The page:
Thank you Jesus!
It’s like a breath of fresh air.
Todays weigh in:
Weight 208 still….
Well, the maples are gone. Jesus did a wonderful job. My next door neighbor is a happy man. Unfortunately, some folks in the neighborhood thought it was their station in life to inform Jesus that he couldn’t cut down those trees. One is heaving my foundation, the other the walkway. My contractor advised me to 86 the trees. They’re gone. Sadly, a morning dove nest was up there. No live babies, but Jesus said there was a couple of eggs. I’m sad about that, but really, they should have hatched two months ago, so I don’t know that the eggs were viable anyway. The morning doves are on the roof. They’ll figure it out. The squirrel nest is gone. There was no owl nest in the tree or I wouldn’t have taken it down. Hopefully tomorrow does not bear a call from the City.
Demo is hard work. Soul cleansing work, but hard work. While I tore out carpet, two layers of linoleum and a layer of particle board that covered the plywood, Beau and Coco, the tile guy’s boxer, played all star wrestling in the back yard.
Sometimes the demo is like a treasure hunt. Yesterday I found some really cool things. Grace, the former owner had lived in the house for 30 years. Apparently, according to the neighbors, she was a widow, but no husband ever lived there. She had done almost no work the entire time she lived there. That enabled me to have some muscle on the price, although I really liked the property and pushed only as hard as I needed to, without losing the place. That also meant that she had some of the original stuff, okay, probably all of the original stuff from 1958 when the property was built. This included the original manual for the nearly 50 year old cooktop. The original builder’s plans for the place and who knows what else, I didn’t get past the wonder of the plans. Speaking of original, underneath that terrible lino in the kitchen I found this:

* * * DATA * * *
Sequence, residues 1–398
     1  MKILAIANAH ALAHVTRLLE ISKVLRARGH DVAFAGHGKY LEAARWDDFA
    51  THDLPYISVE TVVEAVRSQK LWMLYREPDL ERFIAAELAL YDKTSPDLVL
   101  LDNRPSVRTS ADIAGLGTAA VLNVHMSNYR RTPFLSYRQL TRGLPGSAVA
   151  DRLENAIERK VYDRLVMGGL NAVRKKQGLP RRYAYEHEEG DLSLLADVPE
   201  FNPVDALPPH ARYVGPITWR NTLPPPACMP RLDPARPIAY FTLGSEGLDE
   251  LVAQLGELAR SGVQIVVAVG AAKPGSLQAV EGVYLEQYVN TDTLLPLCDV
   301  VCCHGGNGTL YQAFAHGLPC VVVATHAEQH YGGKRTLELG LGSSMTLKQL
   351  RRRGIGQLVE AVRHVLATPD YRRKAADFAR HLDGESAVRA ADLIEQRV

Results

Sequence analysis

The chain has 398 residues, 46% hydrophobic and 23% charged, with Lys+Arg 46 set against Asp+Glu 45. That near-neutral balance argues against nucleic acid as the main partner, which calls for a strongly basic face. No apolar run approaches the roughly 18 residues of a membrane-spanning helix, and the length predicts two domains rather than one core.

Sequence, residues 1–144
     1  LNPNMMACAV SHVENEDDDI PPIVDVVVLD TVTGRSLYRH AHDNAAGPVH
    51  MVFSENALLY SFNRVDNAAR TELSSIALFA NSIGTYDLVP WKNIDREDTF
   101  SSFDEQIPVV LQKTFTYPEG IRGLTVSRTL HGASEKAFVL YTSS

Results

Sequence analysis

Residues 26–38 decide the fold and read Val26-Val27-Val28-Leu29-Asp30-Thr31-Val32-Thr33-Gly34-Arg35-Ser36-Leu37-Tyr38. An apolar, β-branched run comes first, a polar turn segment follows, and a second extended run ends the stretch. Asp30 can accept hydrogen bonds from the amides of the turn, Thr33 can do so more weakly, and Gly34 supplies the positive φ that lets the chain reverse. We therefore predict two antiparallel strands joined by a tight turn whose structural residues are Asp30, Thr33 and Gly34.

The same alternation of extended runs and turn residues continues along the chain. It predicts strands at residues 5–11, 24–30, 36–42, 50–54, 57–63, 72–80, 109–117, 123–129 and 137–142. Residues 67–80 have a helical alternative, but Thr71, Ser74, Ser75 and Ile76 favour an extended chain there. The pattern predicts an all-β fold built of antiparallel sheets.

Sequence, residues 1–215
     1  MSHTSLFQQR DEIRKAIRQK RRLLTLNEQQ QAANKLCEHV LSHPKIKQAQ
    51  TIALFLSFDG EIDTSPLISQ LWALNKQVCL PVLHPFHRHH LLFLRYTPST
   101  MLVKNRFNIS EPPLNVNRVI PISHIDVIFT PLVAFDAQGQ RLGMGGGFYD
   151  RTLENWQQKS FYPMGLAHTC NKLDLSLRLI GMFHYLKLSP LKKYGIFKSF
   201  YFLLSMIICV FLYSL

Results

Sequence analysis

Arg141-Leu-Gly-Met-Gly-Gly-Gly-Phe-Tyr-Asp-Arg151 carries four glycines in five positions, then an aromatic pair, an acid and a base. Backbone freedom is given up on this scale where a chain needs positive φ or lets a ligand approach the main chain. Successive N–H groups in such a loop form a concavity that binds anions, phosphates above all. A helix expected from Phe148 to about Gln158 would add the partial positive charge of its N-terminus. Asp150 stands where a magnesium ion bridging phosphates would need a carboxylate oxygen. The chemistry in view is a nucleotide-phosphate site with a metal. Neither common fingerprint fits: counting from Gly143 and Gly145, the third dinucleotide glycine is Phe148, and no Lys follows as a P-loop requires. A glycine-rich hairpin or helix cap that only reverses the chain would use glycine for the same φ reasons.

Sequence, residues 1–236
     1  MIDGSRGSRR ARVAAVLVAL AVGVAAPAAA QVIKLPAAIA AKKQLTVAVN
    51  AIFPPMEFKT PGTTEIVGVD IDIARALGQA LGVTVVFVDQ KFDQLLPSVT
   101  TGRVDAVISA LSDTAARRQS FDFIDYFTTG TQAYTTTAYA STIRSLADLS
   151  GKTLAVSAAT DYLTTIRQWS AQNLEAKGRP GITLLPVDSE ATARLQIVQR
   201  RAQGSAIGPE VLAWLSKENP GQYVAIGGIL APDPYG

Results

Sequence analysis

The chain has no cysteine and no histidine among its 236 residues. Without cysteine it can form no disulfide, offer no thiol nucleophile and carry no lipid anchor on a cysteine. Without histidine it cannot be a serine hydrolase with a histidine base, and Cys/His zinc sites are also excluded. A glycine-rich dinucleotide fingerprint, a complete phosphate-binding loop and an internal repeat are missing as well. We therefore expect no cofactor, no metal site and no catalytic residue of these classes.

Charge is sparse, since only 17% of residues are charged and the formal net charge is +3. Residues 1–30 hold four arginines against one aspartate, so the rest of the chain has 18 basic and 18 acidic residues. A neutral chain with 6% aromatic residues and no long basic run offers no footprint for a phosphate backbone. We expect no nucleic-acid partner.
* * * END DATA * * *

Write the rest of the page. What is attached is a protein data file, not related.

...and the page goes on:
I distinctly remember this from my childhood, (only in pink) but my mother has no recollection. I sent her a picture, maybe that’ll set something off and she will remember. Or maybe my brother remembers it, but it’s definitely in the way back machine somewhere. Here are two fine offerings from the dining/fireplace room:
Today the two maple trees will meet their maker. Some goofball planted them right up against the house and one in pushing on the foundation and the other has made the walkway heave. Since my plans include a smoker and a wood burning bread oven, maple stacked up is a beautiful thing. Jesus will cut them down. I wanted to pay $1200 for both. He called me yesterday and wanted $1700. Without saying anything about the price, I let him know that it was too high. He kept coming back at me until I agreed to meet him at the house in an hour. At that point I said I didn’t have $1700, so how much for just the one, no stump grinding. $1000. Then I told him the story of Dave and me cutting down the two Cedars at Toyon. He knew I knew. He says okay $1200 for both. Now why on God’s green earth would you want to build a wall to keep that guy out of the country? Hopefully he doesn’t screw up and drop the tree on my house today.